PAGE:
5. Examples

Determination of surface structures is one of the most important applications of the STM. It is obvious that a lot of surfaces reconstruct to lower their energy. Thus the properties of the surfaces can be completely different from the bulk. Especially due to the size reduction in semiconductor technology surface properties are getting important. A few examples of surface science studies are given below, all illustrated using STM images taken at the Erlangen surface lab.

5.1. Si(111)7x7

Si 7x7
Si 7X7
The imaging of the Si(111)- 7x7 was the first great success of the STM although the structure could not be resolved completely. This has been later achieved with the help of high resolution transmission electron microscopy. Before the invention of STM it was known from LEED experiments that the surface unit cell is constructed of 49 Si(111) original cells. It was also assumed that the cell has a sixfold symmetry.
STM images show that there are 12 adatoms in each unit cell. Further, in each corner of the cell a hole exists (corner hole). Using the proper tunneling voltage (about -0,35V) it can be seen that the cell consists of two different triangles and thus infact has a threefold symmetry.
A complete description of the stucture is given by the DAS model (Dimer Adatom Stacking fault) (after Takaynagi et al., 1985.)
DAS Model
DAS Model
Its features are:


When the first Au(111) STM images with atomic resolution were taken some features had already been known or assumed by LEED experiments and helium scattering experiments:
Atomic resolution of Au(111)
STM images reveal the following results:
  • At low resolutions the two ridges can be detected
  • With atomic resolution the atoms can be seen gradual displaced along the [10] direction are (maximum displacement: 0.7Å)
  • In larger areas the stripe can appear in three directions 120 apart
  • In regions where the atoms are raised due to their dislocation the corrugation is larger
But beside the confirmation of the proposed model of Au(111) reconstruction STM experiments give also information about aperiodic structures, which diffraction experiments are insensitive to. As gold exhibits a threefold symmetry, the three directions which the ridge can run along are of equal probability. Thus between regions with different reconstruction, domain boundaries are formed. On large areas the double ridges change orientation about every 280Å. This leads to the so called herringbone structure. On an even larger scale herringbone structures of different orientation form a mosaic structure. It has also become evident that the herringbone structure is quite sensitive to defects like e.g. step edges. Au(111)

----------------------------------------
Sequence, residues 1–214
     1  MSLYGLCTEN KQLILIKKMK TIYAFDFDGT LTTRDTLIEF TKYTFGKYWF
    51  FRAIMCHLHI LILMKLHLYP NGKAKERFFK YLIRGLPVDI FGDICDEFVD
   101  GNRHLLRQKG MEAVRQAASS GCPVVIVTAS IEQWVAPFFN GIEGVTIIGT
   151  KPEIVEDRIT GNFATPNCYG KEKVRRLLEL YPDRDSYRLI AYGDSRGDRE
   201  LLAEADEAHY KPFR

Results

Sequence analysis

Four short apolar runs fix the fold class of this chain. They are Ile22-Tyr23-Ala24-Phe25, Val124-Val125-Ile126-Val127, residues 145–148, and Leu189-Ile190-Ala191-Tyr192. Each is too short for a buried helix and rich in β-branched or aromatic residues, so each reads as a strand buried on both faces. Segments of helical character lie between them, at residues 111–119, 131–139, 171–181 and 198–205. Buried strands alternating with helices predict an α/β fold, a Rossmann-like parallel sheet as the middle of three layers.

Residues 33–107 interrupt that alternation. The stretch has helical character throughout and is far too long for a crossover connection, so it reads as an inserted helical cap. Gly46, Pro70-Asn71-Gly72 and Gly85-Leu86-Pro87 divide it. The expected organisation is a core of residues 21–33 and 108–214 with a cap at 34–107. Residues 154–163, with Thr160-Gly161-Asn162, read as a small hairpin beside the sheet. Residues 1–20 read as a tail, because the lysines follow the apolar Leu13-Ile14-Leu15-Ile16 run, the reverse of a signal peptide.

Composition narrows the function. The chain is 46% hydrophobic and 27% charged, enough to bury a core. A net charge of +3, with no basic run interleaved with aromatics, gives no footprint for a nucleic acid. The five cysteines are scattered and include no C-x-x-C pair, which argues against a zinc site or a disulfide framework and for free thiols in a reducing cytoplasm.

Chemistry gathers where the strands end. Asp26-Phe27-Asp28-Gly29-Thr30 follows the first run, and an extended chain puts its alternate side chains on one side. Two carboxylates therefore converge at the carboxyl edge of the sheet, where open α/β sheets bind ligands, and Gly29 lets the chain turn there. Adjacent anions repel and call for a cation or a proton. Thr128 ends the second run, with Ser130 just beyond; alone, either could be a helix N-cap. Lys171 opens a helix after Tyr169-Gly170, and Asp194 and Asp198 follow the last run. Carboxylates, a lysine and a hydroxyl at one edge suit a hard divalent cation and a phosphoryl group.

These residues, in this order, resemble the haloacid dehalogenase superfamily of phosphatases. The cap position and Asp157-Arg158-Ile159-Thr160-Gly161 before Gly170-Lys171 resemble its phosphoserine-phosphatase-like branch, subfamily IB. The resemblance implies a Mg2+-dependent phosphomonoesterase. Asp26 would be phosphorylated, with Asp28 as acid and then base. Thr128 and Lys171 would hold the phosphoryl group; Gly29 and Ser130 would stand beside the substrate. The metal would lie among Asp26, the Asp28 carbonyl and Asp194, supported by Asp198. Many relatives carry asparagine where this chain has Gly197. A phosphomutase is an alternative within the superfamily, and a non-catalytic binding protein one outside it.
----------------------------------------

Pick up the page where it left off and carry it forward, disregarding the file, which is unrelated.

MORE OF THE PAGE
Herringbone structure of Au(111)

5.3. SiC(0001) 3x3

With a large band gap, a high break down field and a high saturation drift velocity of the conducting electrons SiC is an interesting material for semiconductor technology. Thus its surface strucure and the surface electronic properties are of a great importance for material growth and device fabrication. SiC surface show a variety of surface reconstructions. One of those structures is the (3x3) phase on SiC(0001) whose actual atomic geometry has long been unresolved.
STM experiments provided some insight in the structure:
  • there is a single protrusion per unit cell
  • the corrugation is independant of the tunneling voltage
  • large cornerholes can not be seen
3x3 4H SiC (0001)


Combining this with results from electron spectroscopy and low-energy electron diffraction (LEED) The surface geometry could be determined in detail.
SiC Model
SiC(0001) 3x3 Model
The properties of the SiC(0001) 3x3 structure are:
  • a compact, planar Si adlayer with sp2 hybridisation within the layer,
  • a twist rotation of the Si-trimer covering the adlayer and its surrounding atoms within the adlayer,
  • single dangling bond per (3x3) unit cell located at the adatom ontop of the trimer,
  • ideal Si-Si bond lengths (2.31-2.39Å) and fourfold coordination of all other atoms.

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